Thursday, October 26 2017

8 cool new beauty products to add to your shopping cart ASAP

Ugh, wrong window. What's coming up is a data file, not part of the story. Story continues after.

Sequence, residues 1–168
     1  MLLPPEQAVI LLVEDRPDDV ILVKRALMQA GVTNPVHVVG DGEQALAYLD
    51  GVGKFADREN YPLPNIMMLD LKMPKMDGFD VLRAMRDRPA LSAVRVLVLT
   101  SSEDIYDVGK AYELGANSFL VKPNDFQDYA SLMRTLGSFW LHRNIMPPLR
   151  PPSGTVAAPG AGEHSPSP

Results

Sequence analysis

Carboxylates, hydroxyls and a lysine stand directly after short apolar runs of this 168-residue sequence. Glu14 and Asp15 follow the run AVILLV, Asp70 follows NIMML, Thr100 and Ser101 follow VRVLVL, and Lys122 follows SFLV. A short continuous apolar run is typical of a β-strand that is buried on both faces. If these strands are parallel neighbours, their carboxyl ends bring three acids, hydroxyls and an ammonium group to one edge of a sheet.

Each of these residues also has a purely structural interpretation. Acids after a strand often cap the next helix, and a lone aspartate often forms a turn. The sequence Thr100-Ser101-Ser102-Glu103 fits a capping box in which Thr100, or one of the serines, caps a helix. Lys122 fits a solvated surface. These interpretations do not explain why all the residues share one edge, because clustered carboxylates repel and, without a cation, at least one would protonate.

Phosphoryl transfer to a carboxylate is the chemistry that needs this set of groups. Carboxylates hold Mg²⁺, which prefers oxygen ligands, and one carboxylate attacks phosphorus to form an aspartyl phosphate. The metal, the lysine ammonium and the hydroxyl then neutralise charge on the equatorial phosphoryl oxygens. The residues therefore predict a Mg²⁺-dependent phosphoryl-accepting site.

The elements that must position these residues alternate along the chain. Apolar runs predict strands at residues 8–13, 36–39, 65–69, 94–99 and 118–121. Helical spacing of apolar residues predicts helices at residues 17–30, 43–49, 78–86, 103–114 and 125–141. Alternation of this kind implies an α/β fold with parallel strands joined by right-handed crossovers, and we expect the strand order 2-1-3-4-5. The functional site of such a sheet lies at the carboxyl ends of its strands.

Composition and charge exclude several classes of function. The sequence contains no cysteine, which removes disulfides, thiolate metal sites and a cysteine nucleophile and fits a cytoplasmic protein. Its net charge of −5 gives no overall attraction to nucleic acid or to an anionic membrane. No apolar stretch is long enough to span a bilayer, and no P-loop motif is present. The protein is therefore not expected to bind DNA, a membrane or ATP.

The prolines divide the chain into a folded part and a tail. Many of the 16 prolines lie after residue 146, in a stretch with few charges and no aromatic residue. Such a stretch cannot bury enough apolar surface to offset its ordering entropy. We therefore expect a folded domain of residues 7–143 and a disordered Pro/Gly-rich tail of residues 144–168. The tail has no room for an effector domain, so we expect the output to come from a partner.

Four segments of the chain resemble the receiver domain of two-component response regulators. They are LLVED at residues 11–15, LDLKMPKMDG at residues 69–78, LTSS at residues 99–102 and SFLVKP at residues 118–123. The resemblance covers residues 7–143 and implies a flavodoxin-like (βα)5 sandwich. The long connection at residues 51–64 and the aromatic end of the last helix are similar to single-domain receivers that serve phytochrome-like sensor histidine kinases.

Looking for new beauty finds to add to your makeup, skincare and hair care kits? We’ve scoured the racks to pick out our favourites from the latest launches. 1 /8 Apa Beauty Blue Lip Shine What’s not to love about a lip gloss that makes your teeth look whiter. Nothing! Celebrity cosmetic dentist Dr Michael Apa’s genius invention, this transparent blue gloss contains reflective blue crystals that gives an illusion of brighter, whiter smile. Wear it alone or layer it over a lip colour for a gorgeous shine. Oh, and it’s also laced with peppermint oil to freshen breath. Two birds! Balmain Golden Combs Who needs 24 carat gold combs right? Wrong. Just look at them! These gold-plated babies come in three variants—a large styled styling one to detangle, a tail comb to section and tease and a third one for professional use. Still not convinced? Just look at them! Roots Hair Club Hydrobrush We all love a good old oil head massage. But unless you’re lucky enough to get it from your mama/grandma’s or a spa therapist, let’s admit it, it’s a bit of a messy nuisance. That’s about to change with the Hydrobrush. The brush dispenses oil, serum or any other hair treatment liquid straight to your roots. Just fill it with your oil of choice, run the brush through your hair and done. RMS Beauty Luminizer X Quad What’s better than one highlighter? Four. And each one promising to impart a different kind of radiance. The coconut-based, creamy formulas come in four different shimmers—a subtle copper, an opalescent with a hint of lilac, champagne-y pink hue and an intensified version of their cult living luminiser. Every single one ridiculously beautiful on every single skin tone. Foreo Espada When all else fails to zap that annoying zit, the only route to take is high tech. This spot treatment gadget works by emitting a blue LED light on your zits that kills pimple causing bacteria and shrinks them without drying out the skin, a common side effect of the OTC zit creams. Shine the light for 30 seconds twice a day to see those pesky pimples disappear. KNC Beauty All Natural Collagen Infused Lip Mask We love our sheet masks, but what we don’t love is that every single one conveniently ignores the skin on the lips and leaves them out in the cold. The folks at KNC beauty feel the same so they created this cool lip mask infused with collage, rose oil, Vitamin E to plump up and nourish the lips. Kim K and Emma Stone are fans. Illuminage Silk Rejuvenating Eye Mask and Pillowcase Trust us, the fight against time is an ongoing one. To assist your army of lotions and potions, Illuminage brings in the big guns—copper-infused silk eye mask and pillowcase that coddle your precious face and eyes while you sleep. Omorovicza Rose Quartz Facial Roller Harness the healing powers of crystals in your home with this multitasking skin tool. Run this hand-carved rose quartz roller over your face and décolletage to stimulate collagen production and blood circulation, reduce pores, puffiness and fine lines and aid in lymphatic drainage of your facial muscles.